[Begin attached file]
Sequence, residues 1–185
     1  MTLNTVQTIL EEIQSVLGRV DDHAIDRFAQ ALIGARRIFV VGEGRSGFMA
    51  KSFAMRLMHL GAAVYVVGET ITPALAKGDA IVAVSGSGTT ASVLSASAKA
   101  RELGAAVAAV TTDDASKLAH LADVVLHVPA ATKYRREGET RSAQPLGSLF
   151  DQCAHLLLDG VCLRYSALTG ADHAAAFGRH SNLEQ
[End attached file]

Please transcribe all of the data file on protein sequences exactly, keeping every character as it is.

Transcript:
Sequence, residues 1–185
     1  MTLNTVQTIL EEIQSVLGRV DDHAIDRFAQ ALIGARRIFV VGEGRSGFMA
    51  KSFAMRLMHL GAAVYVVGET ITPALAKGDA IVAVSGSGTT ASVLSASAKA
   101  RELGAAVAAV TTDDASKLAH LADVVLHVPA ATKYRREGET RSAQPLGSLF
   151  DQCAHLLLDG VCLRYSALTG ADHAAAFGRH SNLEQ